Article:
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Volume 27, Issue 4

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Preventing, Limiting the Impact of Disasters

According to a recent article in the business magazine Japan Inc., “businesses have gotten so caught up in technological security that they have forgotten the more basic, yet salient, notion of physical security.” Money that had once been spent on physical security has been shifted to IT security to the extent that some observers believe many organizations are now vulnerable to physical security breaches.

To make matters worse, a recent vendor survey found that only 2 percent of corporations grouped IT security and building security in the same department, and only 36 percent organized formal communications between building and IT security managers.

More troubling, in many organizations, IT security is run by one department, personnel security by another, physical security by another and network operations by yet another. Each may have its own budget, priorities and processes in whose defense and justification cooperation and even communication among those responsible for security may not occur. Surely this is not the optimum way to prevent and mitigate a disruptive event, nor ensure in the immediate aftermath of such an event, the success of even the best-planned disaster recovery program.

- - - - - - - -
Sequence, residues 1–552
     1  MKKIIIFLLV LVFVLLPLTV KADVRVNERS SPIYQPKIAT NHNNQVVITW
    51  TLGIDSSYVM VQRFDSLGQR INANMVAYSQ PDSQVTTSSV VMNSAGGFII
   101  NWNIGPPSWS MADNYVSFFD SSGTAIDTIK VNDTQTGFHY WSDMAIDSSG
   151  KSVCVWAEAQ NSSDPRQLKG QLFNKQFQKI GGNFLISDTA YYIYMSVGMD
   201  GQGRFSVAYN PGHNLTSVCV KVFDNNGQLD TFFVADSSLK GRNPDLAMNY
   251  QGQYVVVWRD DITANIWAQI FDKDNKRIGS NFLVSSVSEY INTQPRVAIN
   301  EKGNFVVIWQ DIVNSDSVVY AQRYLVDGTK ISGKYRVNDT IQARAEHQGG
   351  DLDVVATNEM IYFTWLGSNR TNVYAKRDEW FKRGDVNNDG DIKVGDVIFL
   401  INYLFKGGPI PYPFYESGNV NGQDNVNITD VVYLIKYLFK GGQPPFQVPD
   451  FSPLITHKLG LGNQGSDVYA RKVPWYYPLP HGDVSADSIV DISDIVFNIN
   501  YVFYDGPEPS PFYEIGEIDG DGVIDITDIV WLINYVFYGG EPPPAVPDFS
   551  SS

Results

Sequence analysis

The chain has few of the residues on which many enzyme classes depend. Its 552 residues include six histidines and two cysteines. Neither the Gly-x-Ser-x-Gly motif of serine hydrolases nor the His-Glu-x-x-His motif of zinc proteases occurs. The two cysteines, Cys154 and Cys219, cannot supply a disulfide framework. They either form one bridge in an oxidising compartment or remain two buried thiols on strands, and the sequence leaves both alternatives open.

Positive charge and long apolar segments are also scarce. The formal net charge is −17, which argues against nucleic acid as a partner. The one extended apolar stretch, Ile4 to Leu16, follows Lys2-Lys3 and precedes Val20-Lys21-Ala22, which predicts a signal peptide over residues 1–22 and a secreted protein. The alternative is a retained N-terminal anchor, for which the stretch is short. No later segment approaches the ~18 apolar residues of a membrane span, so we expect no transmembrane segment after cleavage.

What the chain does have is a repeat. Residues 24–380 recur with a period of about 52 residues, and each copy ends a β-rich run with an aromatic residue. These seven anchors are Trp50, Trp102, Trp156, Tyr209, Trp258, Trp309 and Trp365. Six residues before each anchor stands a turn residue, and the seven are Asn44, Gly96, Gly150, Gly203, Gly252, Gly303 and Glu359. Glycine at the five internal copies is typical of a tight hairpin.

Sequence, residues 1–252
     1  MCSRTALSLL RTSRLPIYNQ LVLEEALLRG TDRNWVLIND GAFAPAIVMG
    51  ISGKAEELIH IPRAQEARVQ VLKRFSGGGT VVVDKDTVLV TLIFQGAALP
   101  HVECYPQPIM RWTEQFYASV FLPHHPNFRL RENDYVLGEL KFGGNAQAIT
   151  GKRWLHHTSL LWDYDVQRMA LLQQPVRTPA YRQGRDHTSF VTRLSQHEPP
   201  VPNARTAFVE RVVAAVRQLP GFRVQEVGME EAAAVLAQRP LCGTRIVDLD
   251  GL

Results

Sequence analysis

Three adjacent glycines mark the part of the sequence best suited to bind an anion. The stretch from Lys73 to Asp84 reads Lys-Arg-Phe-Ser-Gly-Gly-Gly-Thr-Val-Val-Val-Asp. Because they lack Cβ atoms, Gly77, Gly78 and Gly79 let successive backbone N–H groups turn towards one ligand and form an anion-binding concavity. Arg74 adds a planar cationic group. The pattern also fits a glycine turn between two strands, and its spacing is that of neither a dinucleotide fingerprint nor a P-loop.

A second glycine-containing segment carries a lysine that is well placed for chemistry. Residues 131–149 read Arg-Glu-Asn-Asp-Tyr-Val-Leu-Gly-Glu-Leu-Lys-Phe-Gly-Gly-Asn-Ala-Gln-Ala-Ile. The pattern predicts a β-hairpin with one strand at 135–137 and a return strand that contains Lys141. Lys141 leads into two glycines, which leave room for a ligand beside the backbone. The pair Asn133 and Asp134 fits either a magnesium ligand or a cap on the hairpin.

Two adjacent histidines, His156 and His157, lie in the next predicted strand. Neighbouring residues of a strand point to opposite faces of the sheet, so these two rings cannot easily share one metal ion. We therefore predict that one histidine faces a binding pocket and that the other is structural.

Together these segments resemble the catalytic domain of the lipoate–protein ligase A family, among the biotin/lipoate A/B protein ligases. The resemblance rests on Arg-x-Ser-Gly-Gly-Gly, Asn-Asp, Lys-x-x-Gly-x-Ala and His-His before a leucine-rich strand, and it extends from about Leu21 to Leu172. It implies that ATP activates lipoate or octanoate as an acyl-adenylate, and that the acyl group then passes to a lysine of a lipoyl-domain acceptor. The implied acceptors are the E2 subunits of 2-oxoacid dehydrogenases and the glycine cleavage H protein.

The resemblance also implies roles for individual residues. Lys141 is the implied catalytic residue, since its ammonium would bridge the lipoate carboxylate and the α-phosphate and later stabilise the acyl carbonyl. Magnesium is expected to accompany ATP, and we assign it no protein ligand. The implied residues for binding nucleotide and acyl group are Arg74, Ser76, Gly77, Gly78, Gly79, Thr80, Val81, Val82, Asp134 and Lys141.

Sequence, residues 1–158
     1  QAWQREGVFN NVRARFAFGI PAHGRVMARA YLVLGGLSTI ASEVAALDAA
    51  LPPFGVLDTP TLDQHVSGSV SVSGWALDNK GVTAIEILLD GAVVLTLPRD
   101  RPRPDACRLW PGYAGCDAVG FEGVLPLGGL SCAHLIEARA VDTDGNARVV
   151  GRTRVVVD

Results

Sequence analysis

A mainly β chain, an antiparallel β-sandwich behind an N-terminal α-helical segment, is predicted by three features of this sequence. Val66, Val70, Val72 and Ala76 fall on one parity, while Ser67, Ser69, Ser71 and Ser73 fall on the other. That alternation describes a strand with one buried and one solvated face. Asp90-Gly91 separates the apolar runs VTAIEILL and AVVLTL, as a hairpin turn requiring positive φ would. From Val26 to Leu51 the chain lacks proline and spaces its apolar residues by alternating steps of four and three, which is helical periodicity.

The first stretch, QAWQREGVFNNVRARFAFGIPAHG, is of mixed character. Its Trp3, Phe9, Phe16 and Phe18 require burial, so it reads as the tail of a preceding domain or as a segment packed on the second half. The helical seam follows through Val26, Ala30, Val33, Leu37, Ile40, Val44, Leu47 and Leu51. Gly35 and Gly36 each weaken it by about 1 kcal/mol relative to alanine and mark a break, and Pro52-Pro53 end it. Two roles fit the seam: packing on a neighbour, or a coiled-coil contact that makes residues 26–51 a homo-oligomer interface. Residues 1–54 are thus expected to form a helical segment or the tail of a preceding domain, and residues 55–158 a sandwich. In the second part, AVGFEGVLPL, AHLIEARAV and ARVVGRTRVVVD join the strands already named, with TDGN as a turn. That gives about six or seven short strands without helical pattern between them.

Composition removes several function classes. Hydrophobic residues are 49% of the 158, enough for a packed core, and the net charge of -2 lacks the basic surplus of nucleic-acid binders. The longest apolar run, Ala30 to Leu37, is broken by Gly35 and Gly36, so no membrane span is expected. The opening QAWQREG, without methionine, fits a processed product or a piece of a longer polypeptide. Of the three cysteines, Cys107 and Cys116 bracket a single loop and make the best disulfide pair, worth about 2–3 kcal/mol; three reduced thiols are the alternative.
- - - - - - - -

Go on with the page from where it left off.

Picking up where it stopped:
No matter how extensive the existing DR plan, the corporate security department, or whomever is responsible for physical security, needs to develop a comprehensive disaster prevention/mitigation plan designed to protect people, property and to reduce company liability from business-threatening events. Note that a comprehensive disaster prevention/mitigation plan recognizes threats from both those who intentionally would disrupt a business and possibly threaten lives and the dangers and risks from interruptions of business caused by natural disasters and catastrophic accidents.

In either case, input from the IT department in the planning process is imperative so that the disaster prevention/mitigation plan and the DR plan are mutually supportive and not establishing policies and procedures that are in conflict. The end result needs to be an integrated and seamless security program that details a course of action to prevent and mitigate disruptive events as well as steps to be taken in the event, that despite all preventive efforts, such an incident occurs.

Computer security, perimeter control, asset protection, business continuity and risk management constitute general areas of concern to be addressed by those responsible for security. The following suggestions are not meant to be all-inclusive but are among those that need to be considered in any organization’s physical security plan.

  • Controlled access at all entrances with particular attention to receiving areas, parking lots and outdoor smoking areas. In the rush to focus on IT security concerns controlling access to physical facilities has been overlooked and discounted in evaluating threat scenarios.